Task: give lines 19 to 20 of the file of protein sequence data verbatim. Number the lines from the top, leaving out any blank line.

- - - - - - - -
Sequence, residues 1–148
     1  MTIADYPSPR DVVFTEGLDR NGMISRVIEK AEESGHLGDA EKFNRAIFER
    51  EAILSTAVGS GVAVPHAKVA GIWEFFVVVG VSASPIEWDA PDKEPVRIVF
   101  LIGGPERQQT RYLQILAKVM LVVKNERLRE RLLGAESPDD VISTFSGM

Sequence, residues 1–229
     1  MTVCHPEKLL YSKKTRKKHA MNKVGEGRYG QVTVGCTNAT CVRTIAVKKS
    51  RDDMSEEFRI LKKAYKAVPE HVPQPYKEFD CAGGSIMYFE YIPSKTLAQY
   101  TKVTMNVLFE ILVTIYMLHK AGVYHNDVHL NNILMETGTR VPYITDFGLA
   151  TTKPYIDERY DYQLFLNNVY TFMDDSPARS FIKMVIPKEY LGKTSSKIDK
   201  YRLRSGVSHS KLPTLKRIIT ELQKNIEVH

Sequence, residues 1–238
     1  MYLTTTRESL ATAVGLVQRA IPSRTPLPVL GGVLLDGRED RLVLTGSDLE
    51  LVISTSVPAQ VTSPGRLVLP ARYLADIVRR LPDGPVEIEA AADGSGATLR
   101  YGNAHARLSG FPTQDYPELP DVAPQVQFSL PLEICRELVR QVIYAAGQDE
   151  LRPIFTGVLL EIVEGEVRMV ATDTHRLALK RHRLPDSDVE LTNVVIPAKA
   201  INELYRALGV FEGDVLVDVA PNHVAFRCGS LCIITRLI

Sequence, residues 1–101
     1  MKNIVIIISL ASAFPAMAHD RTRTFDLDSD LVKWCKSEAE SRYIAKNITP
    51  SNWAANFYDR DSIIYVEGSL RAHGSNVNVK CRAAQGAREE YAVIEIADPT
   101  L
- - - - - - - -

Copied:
    51  SNWAANFYDR DSIIYVEGSL RAHGSNVNVK CRAAQGAREE YAVIEIADPT
   101  L